K

U

A

 
  • 16.5 Cathode rays oscilloscope (CRO)

  • 16.5.1 describe the basic principle of CRO and make a list of its uses;

*

*

 
  • 16.6 Introduction of electronics

  • 16.6.1 differentiate between analogue and digital electronics;

*

 
  • 16.6.2 describe how digital signals can carry more information;

*

 
  • 16.7 Analogue and digital electronics

  • 16.7.1 state the basic operations of digital electronics;

*

  • 16.8 Logic gates

  • 16.8.1 identify and draw the symbols for the logic gates; (NOT, OR, AND, NOR and NAND)

*

*

 
  • 16.8.2 state the action of the logic gates in truth table form;

*

*

  • 16.8.3 describe the simple uses of logic gates.

*

*

17.

Information and communication technology

Candidates should be able to:

     
  • 17.1 Components of ICT

  • 17.1.1 describe the components of Information and Communication Technology(ICT);

*

  • 17.2 Flow of information

  • 17.2.1 explain briefly the transmission of; ● ● ●

*

 

electric signals through wires

radio waves through air

light signals through optical fibres

 
  • 17.3 Communication technology

  • 17.3.1 describe function and use of fax machine, cell phone, photo phone and computer;

*

 
  • 17.3.2 state the purpose of the use of e-mail and internet;

*

NOTES

 
   

K

U

A

 
  • 17.4 Storing information

  • 17.4.1 describe the use of information storage devices such as audio cassettes, video cassettes, hard discs, floppy, compact discs and flash drive;

 

*

*

  • 17.5 Handing information

  • 17.5.1 identify the functions of word processing, data managing, monitoring and controlling.

*

18.

Radioactivity

Candidates should be able to:

     
  • 18.1 Atom and atomic nucleus

  • 18.1.1 describe Rutherford’s nuclear model;

*

 
  • 18.1.2 describe the composition of the nucleus in terms of protons and neutrons;

*

  • 18.1.3 explain that number of protons in a nucleus distinguishes one element from the other;

*

  • 18.1.4 represent various nuclides by using the symbol of proton number Z, nucleon number A and the nuclide notation X;

*

 
  • 18.2 Natural radioactivity

  • 18.2.1 explain that some nuclei are unstable, give out radiation to get rid of excess energy and are said to be radioactive;

*

 
  • 18.2.2 describe that the three types of radiation are α, β & γ;

*

  • 18.2.3 state, for radioactive emissions; their nature their relative ionizing effects. their relative penetrating abilities.

*

  • 18.2.4 explain that an element may change into another element when radioactivity occurs;

*

 
  • 18.3 Natural transmutations

  • 18.3.1 represent changes in the composition of the nucleus by symbolic equations when alpha or beta particles are emitted;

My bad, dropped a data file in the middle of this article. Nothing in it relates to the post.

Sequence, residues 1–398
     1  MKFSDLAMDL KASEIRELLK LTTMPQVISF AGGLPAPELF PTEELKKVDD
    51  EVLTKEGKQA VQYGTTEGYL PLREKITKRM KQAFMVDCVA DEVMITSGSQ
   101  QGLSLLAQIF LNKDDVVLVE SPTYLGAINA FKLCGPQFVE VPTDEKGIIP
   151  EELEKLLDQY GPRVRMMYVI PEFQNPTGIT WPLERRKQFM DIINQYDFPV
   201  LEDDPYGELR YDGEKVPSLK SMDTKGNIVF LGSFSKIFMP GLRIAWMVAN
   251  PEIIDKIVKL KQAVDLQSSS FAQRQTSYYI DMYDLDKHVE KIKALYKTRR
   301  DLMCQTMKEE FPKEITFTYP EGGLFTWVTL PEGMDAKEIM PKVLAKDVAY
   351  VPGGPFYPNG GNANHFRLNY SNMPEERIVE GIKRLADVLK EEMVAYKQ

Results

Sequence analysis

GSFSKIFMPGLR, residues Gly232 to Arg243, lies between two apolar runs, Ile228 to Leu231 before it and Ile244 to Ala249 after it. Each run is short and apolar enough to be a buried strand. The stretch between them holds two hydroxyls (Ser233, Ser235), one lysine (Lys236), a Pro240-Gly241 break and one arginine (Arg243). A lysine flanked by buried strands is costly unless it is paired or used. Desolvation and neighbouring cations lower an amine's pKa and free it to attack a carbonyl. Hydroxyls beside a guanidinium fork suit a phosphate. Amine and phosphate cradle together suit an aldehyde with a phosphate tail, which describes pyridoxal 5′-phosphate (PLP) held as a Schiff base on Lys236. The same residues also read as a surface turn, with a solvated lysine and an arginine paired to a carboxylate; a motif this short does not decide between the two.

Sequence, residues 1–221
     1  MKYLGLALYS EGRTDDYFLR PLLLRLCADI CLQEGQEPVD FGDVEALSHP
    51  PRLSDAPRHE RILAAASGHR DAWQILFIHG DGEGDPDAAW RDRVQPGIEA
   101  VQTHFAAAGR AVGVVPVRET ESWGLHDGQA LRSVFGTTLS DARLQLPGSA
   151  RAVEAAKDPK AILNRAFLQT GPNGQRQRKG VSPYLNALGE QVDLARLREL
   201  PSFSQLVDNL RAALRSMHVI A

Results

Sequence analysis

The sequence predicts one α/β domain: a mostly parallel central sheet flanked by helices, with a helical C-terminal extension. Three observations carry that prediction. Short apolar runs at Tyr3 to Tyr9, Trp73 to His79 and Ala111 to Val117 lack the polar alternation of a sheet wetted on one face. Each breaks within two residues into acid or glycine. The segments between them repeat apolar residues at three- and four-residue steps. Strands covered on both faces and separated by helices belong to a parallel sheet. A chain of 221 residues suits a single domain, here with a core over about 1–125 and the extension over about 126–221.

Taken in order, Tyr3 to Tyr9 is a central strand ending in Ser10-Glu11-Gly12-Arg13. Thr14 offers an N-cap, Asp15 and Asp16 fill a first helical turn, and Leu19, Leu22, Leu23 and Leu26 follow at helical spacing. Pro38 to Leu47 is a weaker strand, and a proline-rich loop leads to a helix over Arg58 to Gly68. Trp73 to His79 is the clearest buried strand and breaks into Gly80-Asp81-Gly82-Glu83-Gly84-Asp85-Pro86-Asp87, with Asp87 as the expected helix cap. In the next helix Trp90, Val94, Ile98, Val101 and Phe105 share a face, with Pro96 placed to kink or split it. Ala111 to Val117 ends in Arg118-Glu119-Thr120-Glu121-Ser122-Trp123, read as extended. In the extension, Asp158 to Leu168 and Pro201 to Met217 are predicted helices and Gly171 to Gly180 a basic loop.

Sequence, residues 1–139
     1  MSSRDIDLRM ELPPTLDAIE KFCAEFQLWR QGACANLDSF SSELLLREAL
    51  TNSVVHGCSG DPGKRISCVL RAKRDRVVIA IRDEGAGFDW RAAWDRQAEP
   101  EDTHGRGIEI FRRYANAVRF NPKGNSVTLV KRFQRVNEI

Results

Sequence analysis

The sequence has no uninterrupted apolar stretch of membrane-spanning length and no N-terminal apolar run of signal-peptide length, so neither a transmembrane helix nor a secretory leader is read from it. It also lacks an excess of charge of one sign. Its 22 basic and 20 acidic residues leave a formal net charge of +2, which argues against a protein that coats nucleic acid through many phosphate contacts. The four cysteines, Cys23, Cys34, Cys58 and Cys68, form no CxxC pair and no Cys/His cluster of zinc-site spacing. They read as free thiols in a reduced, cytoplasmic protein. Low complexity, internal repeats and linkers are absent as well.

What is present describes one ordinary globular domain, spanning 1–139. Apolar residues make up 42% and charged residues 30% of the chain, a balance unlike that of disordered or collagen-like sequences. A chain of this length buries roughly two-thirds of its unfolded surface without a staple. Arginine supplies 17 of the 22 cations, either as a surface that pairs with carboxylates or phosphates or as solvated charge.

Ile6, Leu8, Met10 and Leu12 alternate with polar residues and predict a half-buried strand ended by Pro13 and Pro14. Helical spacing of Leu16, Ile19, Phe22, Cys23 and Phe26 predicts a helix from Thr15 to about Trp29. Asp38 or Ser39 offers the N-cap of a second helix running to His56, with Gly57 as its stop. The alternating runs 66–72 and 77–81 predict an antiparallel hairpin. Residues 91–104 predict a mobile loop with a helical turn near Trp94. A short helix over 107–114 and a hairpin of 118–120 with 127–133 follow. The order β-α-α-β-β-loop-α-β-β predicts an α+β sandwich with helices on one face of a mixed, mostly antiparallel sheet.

*

NOTES

 
   

K

U

A

  • 18.4 Background radiation

  • 18.4.1 describe that radioactive emissions occur randomly over space and time;

 

*

 
  • 18.4.2 show an awareness of the existence of background radiation and its sources;

*

  • 18.5 Half life

  • 18.5.1 explain the meaning of half life of a radioactive material and

*

*

calculate the half life and its graph;

  • 18.6 Radio isotopes

  • 18.6.1 describe radio isotopes and their uses;

*

*

  • 18.6.2 describe the process of carbon dating to estimate the age of ancient objects;

*

*

  • 18.7 Fission and fusion

  • 18.7.1 describe briefly the processes of fission and fusion;

*

  • 18.8 Hazards of radioactivity and safety measures

  • 18.8.1 describe hazards of radioactive materials.

*

NOTES

 

4.

Scheme of Assessment

Class IX

Table 1: Number of Student Learning Outcomes by Cognitive Level

Topic

Topics

No. of

 

SLOs

Total

No.

Sub-topics

K

U

A

1

Physical quantities and measurement

7

 
  • 3 12

6

3

 

2

Kinematics

7

 
  • 3 16

7

6

 

3

Dynamics

4

 
  • 6 22

8

8

 

4

Turning effect of forces

9

 
  • 6 19

9

4

 

5

Gravitation

5

 
  • 2 12

8

2

 

6

Work and energy

6

 
  • 7 21

5

9

 

7

Properties of matter

9

 
  • 9 23

13

1

 

8

Thermal properties of matter

7

 
  • 3 16

10

3

 

9

Transfer of heat

5

 
  • 3 10

6

1

 
 

Total

59

 
  • 42 37

72

 

151

 

Percentage

   
  • 28 25

47

   

Table 2: Allocation of Marks for the Objective Test, Constructed Response Paper and Extended Response Question

   

No. of

 

Marks

Topic

No.

       

Topics

Sub-

topics

Objective

Test

Constructed

Response

Paper

ERQ

Total

1

Physical quantities and

7

 
  • 3 3

 

6

measurement

-

2

Kinematics

7

 
  • 5 6

5

16

3

Dynamics

4

4

Turning effect of forces

9

 
  • 3 3

-

6

5

Gravitation

5

 
  • 3 3

-

6

6

Work and energy

6

 
  • 6 6

5

17

7

Properties of matter

9

8

Thermal properties of

7

       

matter

  • 5 4

5

14

9

Transfer of heat

5

 

Total

59

25

25

15

65

 

Practical (see annex B)

       

10

 

Total

       

75

Table 3: Paper Specifications

Topic

Topics

Marks Distribution

Total Marks

No.

1.

Physical quantities and measurement

MCQ 3 @ 1 Mark CRQ 1 @ 3 Marks

06

2.